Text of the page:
Concerns that Asian food growers in American Samoa were using chemicals on vegetables destined for the School Lunch Program has led to the Department of Health shutting down four operators.
The department says they found farm workers living in deplorable conditions, with inadequate sanitation, while discarded pesticide containers were lying around the properties.
The department's chief compliance officer Papali'i Marion Fitisemanu says all four farms are owned by Asians and have been cut as suppliers to the Program.
Our correspondent in Pago Pago, Monica Miller, says she thinks this is first time such action has been taken.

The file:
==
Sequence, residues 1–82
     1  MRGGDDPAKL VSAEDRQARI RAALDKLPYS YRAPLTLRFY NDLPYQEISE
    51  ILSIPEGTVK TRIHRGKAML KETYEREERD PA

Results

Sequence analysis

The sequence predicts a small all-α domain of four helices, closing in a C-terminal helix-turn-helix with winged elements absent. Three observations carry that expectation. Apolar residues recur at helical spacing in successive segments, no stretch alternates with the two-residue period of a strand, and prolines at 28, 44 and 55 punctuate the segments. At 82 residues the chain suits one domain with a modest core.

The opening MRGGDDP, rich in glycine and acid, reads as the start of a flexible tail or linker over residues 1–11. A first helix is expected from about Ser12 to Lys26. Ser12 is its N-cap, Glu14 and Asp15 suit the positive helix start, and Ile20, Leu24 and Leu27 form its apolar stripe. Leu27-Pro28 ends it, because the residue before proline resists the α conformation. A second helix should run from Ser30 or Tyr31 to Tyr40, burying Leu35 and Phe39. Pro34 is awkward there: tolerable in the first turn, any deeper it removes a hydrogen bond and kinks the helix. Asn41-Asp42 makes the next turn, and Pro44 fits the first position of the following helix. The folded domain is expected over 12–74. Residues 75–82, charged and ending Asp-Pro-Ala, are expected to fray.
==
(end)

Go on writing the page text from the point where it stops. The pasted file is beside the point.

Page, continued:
"But there have been a lot of concerns expressed especially from the lawmakers, that the condition of vegetables from farms, especially Asian owned, a suspicion that they are using chemicals and I think as a result of that they have had these farms under scrutiny more so than others."
Monica Miller says two of the farms have since been allowed to return to selling on the open market but not to the School Lunch Program.